.05 Components of Suitability Obligations. Rule G-19 is composed of three main obligations: reasonable-basis suitability, customer-specific suitability, and quantitative suitability.

(a) The reasonable-basis obligation requires a broker, dealer or municipal securities dealer to have a reasonable basis to believe, based on reasonable diligence, that the recommendation is suitable for at least some investors. In general, what constitutes reasonable diligence will vary depending on, among other things, the complexity of and risks associated with the municipal security or investment strategy and the broker, dealer or municipal securities dealer’s familiarity with the municipal security or investment strategy. A broker, dealer or municipal securities dealer’s reasonable diligence must provide the broker, dealer or municipal securities dealer with an understanding of the potential risks and rewards associated with the recommended municipal security or strategy and an understanding of information about the municipal security or strategy, including the information described in MSRB Rule G-47 (Time of Trade Disclosure), to the extent such information is material. The lack of such an understanding when recommending a municipal security or strategy violates the suitability rule.

(b) The customer-specific obligation requires that a broker, dealer or municipal securities dealer have a reasonable basis to believe that the recommendation is suitable for a particular customer based on that customer's investment profile, as delineated in Rule G-19.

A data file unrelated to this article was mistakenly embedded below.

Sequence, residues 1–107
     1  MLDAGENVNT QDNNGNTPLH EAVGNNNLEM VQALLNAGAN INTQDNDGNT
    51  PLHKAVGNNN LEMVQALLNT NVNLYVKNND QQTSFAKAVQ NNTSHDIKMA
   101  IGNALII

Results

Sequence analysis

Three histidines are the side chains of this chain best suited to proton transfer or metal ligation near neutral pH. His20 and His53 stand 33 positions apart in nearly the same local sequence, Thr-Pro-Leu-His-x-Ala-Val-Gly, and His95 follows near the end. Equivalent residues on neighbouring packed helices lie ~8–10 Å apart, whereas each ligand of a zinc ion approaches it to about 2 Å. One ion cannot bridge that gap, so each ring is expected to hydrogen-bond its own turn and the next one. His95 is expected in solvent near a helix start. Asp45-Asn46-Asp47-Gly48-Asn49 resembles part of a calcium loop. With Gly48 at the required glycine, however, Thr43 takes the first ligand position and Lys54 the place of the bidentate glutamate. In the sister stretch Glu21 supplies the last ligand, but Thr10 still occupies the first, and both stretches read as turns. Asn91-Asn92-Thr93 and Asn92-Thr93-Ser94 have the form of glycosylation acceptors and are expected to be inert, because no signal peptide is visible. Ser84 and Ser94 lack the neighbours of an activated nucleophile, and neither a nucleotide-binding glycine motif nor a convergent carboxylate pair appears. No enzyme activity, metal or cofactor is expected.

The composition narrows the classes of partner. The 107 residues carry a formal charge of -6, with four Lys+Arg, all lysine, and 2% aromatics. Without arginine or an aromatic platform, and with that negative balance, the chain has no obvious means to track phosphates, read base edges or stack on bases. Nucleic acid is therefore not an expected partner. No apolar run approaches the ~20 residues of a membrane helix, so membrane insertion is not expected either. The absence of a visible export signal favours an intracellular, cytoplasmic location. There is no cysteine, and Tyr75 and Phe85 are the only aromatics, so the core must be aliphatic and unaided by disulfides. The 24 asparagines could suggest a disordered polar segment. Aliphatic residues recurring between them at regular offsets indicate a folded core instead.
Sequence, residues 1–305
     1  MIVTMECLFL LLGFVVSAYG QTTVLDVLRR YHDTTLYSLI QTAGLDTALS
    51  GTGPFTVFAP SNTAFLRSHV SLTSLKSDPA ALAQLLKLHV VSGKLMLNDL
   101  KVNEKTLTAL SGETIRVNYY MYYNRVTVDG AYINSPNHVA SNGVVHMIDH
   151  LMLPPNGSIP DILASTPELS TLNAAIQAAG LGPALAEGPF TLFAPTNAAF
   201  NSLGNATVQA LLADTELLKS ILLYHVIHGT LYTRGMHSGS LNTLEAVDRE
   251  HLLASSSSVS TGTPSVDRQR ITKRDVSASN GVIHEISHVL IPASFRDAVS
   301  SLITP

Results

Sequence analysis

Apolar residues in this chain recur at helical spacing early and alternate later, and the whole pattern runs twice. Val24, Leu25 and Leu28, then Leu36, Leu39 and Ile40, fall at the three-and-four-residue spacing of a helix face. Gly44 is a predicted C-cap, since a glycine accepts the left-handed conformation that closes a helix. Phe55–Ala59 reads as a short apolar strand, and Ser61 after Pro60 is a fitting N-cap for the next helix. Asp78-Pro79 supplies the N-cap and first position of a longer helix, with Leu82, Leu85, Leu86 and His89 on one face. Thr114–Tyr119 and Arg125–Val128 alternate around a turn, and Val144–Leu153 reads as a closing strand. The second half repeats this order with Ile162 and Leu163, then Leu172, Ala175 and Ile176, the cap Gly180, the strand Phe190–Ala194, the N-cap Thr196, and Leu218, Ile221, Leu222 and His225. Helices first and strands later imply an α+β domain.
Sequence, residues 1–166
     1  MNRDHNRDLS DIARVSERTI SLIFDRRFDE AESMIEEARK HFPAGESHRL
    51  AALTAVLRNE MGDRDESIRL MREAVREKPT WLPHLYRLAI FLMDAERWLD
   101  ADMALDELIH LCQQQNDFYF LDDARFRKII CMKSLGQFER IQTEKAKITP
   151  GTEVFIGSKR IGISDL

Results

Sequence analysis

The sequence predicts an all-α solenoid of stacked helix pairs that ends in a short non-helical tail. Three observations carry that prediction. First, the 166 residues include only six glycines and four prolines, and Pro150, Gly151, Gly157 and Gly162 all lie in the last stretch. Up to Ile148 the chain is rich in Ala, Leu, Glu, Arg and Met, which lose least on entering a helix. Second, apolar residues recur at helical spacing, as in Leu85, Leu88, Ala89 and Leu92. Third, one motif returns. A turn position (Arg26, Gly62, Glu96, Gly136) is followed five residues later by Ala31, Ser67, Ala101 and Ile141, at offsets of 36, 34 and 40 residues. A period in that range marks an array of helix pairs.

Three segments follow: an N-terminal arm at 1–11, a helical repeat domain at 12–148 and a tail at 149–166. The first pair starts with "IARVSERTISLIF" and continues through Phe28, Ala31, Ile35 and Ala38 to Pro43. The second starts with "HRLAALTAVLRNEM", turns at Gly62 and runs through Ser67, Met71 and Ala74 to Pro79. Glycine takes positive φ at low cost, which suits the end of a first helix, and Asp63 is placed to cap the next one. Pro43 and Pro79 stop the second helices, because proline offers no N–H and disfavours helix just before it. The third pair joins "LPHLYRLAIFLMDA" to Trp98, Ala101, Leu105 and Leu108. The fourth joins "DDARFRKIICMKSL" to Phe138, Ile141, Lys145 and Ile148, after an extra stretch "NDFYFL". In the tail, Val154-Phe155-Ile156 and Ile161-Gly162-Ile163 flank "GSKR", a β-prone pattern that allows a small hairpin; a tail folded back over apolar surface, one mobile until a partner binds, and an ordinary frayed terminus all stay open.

(c) Quantitative suitability requires a broker, dealer or municipal securities dealer who has actual or de facto control over a customer account to have a reasonable basis for believing that a series of recommended transactions, even if suitable when viewed in isolation, are not excessive and unsuitable for the customer when taken together in light of the customer's investment profile, as delineated in Rule G-19. No single test defines excessive activity, but factors such as the turnover rate, the cost-equity ratio, and the use of in-and-out trading in a customer's account may provide a basis for a finding that a broker, dealer or municipal securities dealer has violated the quantitative suitability obligation.

.06 Customer's Financial Ability. Rule G-19 prohibits a broker, dealer or municipal securities dealer from recommending a transaction or investment strategy involving a municipal security or municipal securities or the continuing purchase of a municipal security or municipal securities or use of an investment strategy involving a municipal security or municipal securities unless the broker, dealer or municipal securities dealer has a reasonable basis to believe that the customer has the financial ability to meet such a commitment.